Horseback Riding in Scottsdale



(This post gives my honest feedback from a great personal experience with JFSH and is sponsored.)

I grew up with a love of horses. When I was six years old our neighbors had horses on their property (we lived in the country of Tennessee) and I dreamed of riding around the field or in a circus. Finally, after years and years of asking my parents at the age of nine, I was finally allowed to take riding lessons. My heart was full. And thus begun my life-long love of the horse.

I haven’t ridden regularly since before having children. And now that Reagan (age four) is getting older and starting to develop skills, passions and interests of her own, I’ve been excited to introduce her to the world of horses and see what she thinks.

Here in the Valley, there are plenty of opportunities to introduce children to horses and life on a farm without living on a farm. The Phoenix Zoo has horses to visit and even a well-respected program to teach horsemanship. And West World hosts horse shows throughout the year that are open to the public to watch.

As I’ve been researching what type of horse experience that I’d like for Reagan to have, here are a few things that I consider, it might help you as well if you are interested in enrolling your child in a riding program.

1. What does the facility look like? Is it clean? Who maintains the grounds? Do the horses look healthy and well cared for?

2. What is the background of the trainer(s)? What certifications does he or she have? 

3. What type of horsemanship is taught at the stable? Do children arrive with their horse already saddled and tacked up? If so, are you ok with this type of support? Are they taught how to groom and care for the horse?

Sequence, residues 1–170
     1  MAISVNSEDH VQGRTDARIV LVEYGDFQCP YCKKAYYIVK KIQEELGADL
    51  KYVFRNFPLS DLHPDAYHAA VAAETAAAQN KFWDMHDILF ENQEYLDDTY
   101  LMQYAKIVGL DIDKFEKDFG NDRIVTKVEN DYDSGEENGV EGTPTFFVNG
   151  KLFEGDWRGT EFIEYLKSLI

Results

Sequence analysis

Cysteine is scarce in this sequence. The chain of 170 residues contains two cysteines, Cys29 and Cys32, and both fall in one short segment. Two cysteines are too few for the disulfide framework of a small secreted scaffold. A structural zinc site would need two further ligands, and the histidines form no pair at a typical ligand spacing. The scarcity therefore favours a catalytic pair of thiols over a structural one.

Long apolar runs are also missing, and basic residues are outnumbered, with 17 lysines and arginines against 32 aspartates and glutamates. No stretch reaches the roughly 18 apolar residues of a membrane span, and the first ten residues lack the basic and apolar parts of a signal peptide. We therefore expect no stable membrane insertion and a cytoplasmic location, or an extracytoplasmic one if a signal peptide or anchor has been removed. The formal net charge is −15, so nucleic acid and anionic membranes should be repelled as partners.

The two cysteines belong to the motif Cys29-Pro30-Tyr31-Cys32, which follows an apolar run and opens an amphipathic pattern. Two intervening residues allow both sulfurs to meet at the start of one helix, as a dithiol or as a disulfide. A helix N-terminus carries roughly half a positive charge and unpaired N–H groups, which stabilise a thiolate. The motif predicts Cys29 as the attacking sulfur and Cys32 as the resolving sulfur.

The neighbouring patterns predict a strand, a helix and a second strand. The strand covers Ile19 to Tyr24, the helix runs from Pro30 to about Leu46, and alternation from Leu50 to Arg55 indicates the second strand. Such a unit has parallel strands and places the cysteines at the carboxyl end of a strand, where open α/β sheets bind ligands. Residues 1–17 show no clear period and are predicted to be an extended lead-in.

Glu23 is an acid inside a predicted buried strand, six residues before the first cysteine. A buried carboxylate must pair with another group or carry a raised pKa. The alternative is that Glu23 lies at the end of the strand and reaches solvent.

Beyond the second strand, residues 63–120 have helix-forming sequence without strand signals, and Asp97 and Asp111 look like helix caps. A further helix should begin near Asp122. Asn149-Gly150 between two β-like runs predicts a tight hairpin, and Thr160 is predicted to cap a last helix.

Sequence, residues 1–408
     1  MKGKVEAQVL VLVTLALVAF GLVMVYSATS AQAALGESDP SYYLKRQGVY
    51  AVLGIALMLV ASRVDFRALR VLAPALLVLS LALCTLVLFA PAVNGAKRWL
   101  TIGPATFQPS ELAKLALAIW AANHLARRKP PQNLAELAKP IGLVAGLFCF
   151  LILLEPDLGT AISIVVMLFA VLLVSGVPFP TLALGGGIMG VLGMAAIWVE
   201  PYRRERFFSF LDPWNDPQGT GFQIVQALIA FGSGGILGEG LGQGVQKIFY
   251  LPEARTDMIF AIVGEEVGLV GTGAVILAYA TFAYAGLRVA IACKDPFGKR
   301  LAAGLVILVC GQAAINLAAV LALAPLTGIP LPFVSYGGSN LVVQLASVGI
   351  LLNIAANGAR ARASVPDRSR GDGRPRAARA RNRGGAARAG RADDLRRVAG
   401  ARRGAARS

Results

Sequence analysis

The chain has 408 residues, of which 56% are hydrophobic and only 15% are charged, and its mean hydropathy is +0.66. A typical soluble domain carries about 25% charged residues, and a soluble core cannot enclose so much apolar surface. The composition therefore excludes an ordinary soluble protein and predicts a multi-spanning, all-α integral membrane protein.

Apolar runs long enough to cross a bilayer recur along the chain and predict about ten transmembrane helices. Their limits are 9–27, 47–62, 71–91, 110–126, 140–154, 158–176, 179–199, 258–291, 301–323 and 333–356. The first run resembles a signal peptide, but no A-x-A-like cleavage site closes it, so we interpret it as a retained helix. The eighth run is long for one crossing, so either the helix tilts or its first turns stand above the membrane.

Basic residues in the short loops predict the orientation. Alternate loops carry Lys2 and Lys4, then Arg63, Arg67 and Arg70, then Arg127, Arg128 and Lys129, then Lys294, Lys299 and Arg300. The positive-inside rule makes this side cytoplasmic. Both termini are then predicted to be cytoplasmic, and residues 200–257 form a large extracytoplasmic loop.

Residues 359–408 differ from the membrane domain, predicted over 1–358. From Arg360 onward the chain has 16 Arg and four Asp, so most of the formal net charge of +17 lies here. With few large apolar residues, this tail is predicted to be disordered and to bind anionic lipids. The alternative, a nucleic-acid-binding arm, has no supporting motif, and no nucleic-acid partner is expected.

I grew up in a show barn, but we were required to learn about grooming, caring for and saddling our horses for ourselves. There are many barns in the Valley, where you can show up to a saddled horse and leave before the horse is completely cooled down. This is a matter of preference. Personally, I love grooming a horse and taking care of them after I’m done, so a barn that does this for me is out of the question.

4. Is it a compeitive barn or is it more “riding for pleasure”? Which atmosphere do you want for your child?
Both have their advantages and disadvantages, so it’s good to understand which you prefer.

5. How much money do you have to spend on this hobby?
Horses are expensive to care for from food to vet bills to shelter, you don’t have to own a horse to enjoy all the benefits of being an equestrian, but take some time to consider the natural steps. Your child will want a horse of his or her own – or at least one to bond with and tell secrets to!

I’m happy to report that I’ve found a wonderful facility and trainer just five minutes North of Desert Ridge Marketplace located on 80 acres! Joni Fitts School of Horsemanship is a clean facility that teaches the fundamentals of horse care, riding and showmanship. It’s a fabulous place to start. The school participates in the Blue Ribbon Horse Show series, which is a low-key cost-effective local show series that competes at Horselovers Park on Tatum. Joni has multiple certifications and is recognized by Scottsdale Parks and Recreation as the traing barn of choice for their introduction to horse classes!

I strongly encourage you to start your equestrian journey with Joni Fitts School of Horsemanship! See you at the barn!


(This post gives my honest feedback from a great personal experience with JFSH and is sponsored.)




Please enter your comment!
Please enter your name here